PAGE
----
Both mouse and human studies implicate monocytes and macrophages as critical cell types in atherosclerosis associated with diabetes (10,14,15), and increased monocyte recruitment has been implicated in diabetes-accelerated atherosclerosis (18). To test the role of monocyte recruitment, we chose to target integrin α4, which is integral for monocyte binding to VCAM-1 on endothelial cells. As expected, the deletion of integrin α4 resulted in reduced ex vivo adhesion of isolated monocytes to tumor necrosis factor-α–activated endothelium (Supplementary Fig. 5A). Deletion of myeloid cell integrin α4 deficiency resulted in a small protective effect for atherosclerotic lesion size in the aorta (Fig. 4A) but not at either of the other sites. For examination of whether monocyte recruitment was altered under diabetes conditions and whether monocyte integrin α4 deficiency impaired recruitment in vivo, monocytes were labeled with YG latex beads (35) 4 days before termination of the experiment. Bead injections resulted in ∼16% of total monocytes being labeled in nondiabetic WT mice, and the proportion of labeled monocytes, but not the total number of labeled of monocytes, were increased with diabetes (Supplementary Fig. 5B). Monocyte integrin α4 deficiency increased circulating monocyte-labeling efficiency. Furthermore, Ly6Clo monocytes were more efficiently labeled compared with Ly6Chi monocytes using this approach (Supplementary Fig. 5C), consistent with previously published reports (35). Consistent with the idea that integrin α4 is essential for monocyte adhesion, which in turn is critical for monocyte recruitment, the deletion of monocyte integrin α4 resulted in a reduced recruitment of YG-labeled monocytes into aortic sinus lesions and BCA lesions in vivo (Fig. 5A and B and Supplementary Fig. 5D). Consistent with the increased monocyte integrin α4 expression observed under diabetes conditions (Fig. 3B), diabetes resulted in increased monocyte recruitment to both the aortic sinus and the BCA (Fig. 5B and Supplementary Fig. 5D).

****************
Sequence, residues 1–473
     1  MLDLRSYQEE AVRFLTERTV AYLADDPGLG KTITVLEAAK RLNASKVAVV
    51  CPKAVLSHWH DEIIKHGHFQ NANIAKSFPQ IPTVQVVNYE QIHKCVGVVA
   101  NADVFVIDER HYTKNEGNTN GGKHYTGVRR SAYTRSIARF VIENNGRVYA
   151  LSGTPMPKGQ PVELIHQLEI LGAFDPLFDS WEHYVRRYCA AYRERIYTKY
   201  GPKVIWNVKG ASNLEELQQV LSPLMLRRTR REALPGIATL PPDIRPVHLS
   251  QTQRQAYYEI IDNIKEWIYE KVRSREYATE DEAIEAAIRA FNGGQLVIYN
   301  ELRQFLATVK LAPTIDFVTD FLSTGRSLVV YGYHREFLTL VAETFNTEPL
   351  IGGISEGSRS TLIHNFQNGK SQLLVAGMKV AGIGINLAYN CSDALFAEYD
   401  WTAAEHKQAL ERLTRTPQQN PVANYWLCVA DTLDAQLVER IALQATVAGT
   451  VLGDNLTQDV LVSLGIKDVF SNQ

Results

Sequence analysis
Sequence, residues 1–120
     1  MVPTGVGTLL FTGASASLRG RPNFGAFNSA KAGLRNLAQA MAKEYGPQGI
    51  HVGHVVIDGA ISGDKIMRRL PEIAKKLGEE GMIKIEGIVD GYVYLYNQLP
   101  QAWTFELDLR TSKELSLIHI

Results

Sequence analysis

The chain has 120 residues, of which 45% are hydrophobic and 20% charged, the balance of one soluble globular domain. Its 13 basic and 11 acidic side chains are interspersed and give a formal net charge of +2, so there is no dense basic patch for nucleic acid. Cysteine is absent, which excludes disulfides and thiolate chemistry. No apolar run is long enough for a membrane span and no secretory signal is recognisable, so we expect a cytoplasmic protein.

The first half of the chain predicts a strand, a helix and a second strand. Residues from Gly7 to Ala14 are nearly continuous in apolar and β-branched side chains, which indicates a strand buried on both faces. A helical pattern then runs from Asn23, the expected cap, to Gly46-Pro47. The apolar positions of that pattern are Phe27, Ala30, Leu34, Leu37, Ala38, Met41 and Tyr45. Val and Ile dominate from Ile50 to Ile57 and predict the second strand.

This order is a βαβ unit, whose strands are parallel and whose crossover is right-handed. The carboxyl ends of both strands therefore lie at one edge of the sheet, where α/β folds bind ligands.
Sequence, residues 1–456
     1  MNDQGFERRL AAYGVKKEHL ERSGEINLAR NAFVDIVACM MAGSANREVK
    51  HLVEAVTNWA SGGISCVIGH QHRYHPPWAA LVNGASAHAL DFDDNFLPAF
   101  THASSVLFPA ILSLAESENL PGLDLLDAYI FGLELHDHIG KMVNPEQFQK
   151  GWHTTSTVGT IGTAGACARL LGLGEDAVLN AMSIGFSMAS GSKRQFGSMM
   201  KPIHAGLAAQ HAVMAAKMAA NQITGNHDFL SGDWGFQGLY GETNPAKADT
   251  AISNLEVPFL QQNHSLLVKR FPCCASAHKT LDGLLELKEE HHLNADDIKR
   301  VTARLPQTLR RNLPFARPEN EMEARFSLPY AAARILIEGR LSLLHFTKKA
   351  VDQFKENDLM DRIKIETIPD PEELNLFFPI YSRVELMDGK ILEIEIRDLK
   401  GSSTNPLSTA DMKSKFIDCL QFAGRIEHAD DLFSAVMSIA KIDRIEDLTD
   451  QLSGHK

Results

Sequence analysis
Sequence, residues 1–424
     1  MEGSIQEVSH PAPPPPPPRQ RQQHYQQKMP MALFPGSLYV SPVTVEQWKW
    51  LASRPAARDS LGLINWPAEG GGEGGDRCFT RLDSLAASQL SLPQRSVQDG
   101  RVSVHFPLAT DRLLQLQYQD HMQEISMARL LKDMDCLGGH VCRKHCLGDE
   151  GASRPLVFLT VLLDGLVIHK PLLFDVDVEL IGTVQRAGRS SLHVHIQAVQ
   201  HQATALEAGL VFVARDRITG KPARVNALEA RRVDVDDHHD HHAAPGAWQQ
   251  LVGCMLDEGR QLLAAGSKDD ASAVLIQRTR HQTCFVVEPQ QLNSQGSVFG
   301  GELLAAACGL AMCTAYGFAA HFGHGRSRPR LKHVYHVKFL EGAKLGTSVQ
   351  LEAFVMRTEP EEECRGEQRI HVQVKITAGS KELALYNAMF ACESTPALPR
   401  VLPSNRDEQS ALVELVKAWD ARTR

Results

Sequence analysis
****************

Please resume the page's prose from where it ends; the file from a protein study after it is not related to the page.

Despite having significantly more circulating monocytes (Fig. 3C and Supplementary Fig. 2C), mice with monocytes lacking integrin α4 did not have increased lesional Mac-2 staining (Fig. 5C and Supplementary Fig. 5E), again suggesting that monocytes are not entering the tissues to the same extent in the absence of integrin α4. Furthermore, analysis of the expression of the proatherogenic cytokine IL-1β suggested that under diabetes conditions, the deletion of integrin α4 reduces the accumulation of IL-1β (Fig. 5D), indicating that integrin α4 deficiency alters the inflammatory status within the lesion due to reduced recruitment of monocytes. In contrast, integrin α4 deletion did not alter the diabetes-induced expression of the marker for lipid loading, TREM2. There was no difference in α-smooth muscle actin staining or Picrosirius red staining with MI, diabetes, or integrin α4 deficiency (Supplementary Fig. 5E–G).